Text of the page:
Next is the Nodular Iron cranks produced in the 350/400 CI in the 1960's. The Ram Air engines are said to use a crank with .001" more clearance than standard cranks.

The Nodular cranks are good cranks up to about 1976 when they are not as desireable with thinner counter weights.

Check out this chart - Wallace Racing - Crankshaft numbers

So don't listen to the arm chair engine builders who are the experts on Pontiac engines and crankshafts. Pontiac cranks are some of the best in the industry.
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post #5 of 7 (permalink) Old 04-29-2019, 06:18 PM
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I'll add that the '65-'66 326 used the same Armasteel crank as the 389's in those years. The nodular iron '67-up cranks have a big 'N' cast on them. All are bulletproof.
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post #6 of 7 (permalink) Old 04-29-2019, 10:06 PM
 
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Just assuming that the 326 & 350 cranks would have more material taken off at the balance holes, since the bore size is much smaller than a 400. Assuming the pistons/rings would be lighter, requiring that more weight be taken off the crank, for balancing.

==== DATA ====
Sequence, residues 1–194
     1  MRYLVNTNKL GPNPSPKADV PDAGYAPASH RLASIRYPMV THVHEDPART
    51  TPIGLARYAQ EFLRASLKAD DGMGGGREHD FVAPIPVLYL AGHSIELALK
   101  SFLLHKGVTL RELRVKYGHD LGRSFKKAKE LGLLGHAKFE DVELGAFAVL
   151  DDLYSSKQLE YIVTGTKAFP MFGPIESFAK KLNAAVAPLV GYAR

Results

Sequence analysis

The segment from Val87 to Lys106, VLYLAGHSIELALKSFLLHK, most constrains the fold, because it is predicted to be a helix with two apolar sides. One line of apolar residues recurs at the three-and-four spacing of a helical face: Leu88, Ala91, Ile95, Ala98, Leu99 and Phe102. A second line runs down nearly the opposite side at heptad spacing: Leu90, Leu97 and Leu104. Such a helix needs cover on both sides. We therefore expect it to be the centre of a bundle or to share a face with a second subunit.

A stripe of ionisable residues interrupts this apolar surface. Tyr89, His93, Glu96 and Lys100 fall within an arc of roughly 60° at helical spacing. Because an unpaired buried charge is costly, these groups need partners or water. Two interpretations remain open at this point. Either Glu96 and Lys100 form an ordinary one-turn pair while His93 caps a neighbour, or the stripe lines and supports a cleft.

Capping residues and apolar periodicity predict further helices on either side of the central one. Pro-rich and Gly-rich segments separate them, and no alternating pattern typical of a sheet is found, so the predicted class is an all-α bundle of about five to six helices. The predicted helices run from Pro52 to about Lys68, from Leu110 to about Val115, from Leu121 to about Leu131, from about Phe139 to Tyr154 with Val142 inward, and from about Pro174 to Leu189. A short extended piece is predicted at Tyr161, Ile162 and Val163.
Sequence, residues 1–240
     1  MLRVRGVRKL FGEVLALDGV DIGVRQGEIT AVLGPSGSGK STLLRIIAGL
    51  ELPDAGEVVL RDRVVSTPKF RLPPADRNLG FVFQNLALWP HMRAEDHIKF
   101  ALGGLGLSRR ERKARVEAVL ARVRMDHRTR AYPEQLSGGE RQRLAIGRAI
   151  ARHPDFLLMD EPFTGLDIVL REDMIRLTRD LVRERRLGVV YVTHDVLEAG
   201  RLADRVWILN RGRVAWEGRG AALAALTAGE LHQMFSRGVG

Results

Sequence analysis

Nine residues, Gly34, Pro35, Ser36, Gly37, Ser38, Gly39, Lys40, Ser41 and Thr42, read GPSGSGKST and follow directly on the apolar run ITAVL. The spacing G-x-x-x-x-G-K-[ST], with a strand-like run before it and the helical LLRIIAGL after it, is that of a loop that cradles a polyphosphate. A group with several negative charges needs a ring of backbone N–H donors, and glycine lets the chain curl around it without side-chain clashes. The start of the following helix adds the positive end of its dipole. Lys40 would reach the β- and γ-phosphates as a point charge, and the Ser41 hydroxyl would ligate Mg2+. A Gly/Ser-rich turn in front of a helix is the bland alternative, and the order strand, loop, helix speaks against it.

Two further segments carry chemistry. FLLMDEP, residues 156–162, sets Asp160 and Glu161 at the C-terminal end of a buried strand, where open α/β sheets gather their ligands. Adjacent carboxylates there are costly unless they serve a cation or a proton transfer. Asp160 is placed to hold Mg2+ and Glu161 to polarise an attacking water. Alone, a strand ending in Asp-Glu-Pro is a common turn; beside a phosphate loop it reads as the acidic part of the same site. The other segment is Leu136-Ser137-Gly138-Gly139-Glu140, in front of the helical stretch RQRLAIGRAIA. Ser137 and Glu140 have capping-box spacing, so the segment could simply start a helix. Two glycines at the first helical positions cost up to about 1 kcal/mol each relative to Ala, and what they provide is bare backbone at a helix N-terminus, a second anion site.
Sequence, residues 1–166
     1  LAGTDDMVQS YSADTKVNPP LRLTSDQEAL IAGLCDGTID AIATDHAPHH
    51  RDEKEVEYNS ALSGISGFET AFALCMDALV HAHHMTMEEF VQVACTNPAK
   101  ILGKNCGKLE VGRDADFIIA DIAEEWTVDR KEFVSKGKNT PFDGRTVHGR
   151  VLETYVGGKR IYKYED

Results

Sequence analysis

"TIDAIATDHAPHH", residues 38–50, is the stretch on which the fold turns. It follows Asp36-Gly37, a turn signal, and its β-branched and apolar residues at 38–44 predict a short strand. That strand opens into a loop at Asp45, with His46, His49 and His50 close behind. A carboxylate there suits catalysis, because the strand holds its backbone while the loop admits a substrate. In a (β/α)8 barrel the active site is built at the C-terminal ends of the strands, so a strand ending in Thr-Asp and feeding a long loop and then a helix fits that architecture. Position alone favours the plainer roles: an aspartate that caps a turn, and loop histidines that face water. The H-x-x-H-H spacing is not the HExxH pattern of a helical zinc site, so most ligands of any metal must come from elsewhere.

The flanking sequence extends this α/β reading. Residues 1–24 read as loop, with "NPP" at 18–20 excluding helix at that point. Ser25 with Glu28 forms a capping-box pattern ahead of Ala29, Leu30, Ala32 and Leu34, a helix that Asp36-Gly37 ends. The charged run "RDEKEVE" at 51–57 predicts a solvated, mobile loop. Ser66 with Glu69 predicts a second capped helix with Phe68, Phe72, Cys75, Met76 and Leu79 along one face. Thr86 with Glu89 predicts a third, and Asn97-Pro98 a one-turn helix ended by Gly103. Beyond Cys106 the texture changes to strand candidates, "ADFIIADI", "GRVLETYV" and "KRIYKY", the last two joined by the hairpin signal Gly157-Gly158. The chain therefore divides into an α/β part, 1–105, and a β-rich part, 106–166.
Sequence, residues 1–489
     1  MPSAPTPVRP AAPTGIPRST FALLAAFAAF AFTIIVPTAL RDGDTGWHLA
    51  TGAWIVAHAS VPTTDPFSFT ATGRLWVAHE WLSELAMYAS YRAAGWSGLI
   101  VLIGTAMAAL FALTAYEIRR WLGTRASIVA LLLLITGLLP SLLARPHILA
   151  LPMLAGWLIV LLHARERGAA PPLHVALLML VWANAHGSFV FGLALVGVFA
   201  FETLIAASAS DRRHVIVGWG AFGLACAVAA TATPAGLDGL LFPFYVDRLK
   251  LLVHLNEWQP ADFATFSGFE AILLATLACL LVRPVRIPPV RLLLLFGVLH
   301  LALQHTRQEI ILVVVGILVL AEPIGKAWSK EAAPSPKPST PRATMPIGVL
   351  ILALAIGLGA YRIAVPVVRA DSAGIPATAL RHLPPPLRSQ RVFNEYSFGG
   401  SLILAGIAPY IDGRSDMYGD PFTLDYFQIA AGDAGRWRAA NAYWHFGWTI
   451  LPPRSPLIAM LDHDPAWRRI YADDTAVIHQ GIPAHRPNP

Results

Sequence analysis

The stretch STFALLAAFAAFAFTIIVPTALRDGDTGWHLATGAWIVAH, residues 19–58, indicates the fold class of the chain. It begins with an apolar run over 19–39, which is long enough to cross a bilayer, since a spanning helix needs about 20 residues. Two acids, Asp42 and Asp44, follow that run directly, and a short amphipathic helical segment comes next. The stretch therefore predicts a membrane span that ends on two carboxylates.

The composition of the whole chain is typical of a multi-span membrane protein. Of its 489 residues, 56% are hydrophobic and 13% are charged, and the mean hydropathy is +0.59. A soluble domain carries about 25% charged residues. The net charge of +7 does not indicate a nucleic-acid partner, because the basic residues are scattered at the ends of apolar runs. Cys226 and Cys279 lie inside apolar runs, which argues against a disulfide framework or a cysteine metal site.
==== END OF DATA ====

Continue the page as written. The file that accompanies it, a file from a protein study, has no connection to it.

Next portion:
But, if you go with lighter forged pistons and/or rods, a 326 or 350 crank might be closer to the correct balance than a stock 400 crank. Anyhow, the balance would depend on the weight of your rods/pistons/pins/rings.The machine shop should be able to take care of that.
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post #7 of 7 (permalink) Old 04-30-2019, 02:11 PM Thread Starter
 
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Wow! You have answered my question in no time! My biggest concern was to identify the difference in the stroke. Now I know what to look for when matching leftover parts for an engine build.
Thanks!